Controlled Wood National Risk Assessment Approved

July 4, 2019

By: The Working Forest Staff

After three years of rigorous consultation with industry, environment, and social stakeholders and Indigenous Peoples, the new National Risk Assessment aims to provide consistent and credible application of FSC’s Controlled Wood standards and policies to uphold Indigenous Peoples’ rights, protect species at risk such as woodland caribou as well as Intact Forest Landscapes. 

“Along with the implementation of the new Forest management standard, the deployment of the new National Risk Assessment in Canada completes years of review of the normative framework for FSC in Canada. We are delighted to fully embrace this transition in order to stabilize the FSC requirements in Canada and to create a sustained market uptake going forward” said François Dufresne, president of FSC Canada.

FSC has over 50 million hectares in Canada and over 600 companies certified to FSC’s standards. It offers the world’s most respected and recognized standard for sustainable forest management. Although FSC is the fastest-growing forest certification system in the world, many forests still do not meet FSC’s standards for healthy forests and strong communities, which is where the need for Controlled Wood derives from.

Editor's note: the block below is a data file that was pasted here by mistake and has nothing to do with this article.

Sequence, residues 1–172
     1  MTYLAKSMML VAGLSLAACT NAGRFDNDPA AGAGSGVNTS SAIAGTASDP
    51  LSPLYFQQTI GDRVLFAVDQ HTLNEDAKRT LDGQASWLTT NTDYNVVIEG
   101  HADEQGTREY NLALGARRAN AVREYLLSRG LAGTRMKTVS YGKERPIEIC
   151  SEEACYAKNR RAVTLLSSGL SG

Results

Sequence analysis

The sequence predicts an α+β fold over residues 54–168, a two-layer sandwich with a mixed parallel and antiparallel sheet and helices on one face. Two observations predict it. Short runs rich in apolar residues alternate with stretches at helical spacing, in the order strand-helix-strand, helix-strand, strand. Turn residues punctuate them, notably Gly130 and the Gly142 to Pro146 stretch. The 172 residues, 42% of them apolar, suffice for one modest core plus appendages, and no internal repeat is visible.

National Risk Assessments assess risks associated with undesirable forestry activities on non-FSC certified lands, including illegal harvest, forest management that violates workers or Indigenous Peoples’ rights or threatens High Conservation Values, conversion of forest to non-forest uses, and use of genetically-modified trees. In the Canadian National Risk Assessment, the primary risks identified are related to Indigenous Peoples’ rights, critical habitat for species at risk (including woodland caribou), and Intact Forest Landscapes. The FSC Canada National Risk Assessment identifies measures for how companies can mitigate these risks. 

The new FSC National Risk Assessment for Canada was approved on June 26, 2019, and must be phased in by Certificate Holders by December 26, 2019.

Learn more about the National Risk Assessment and implementation process here.

 

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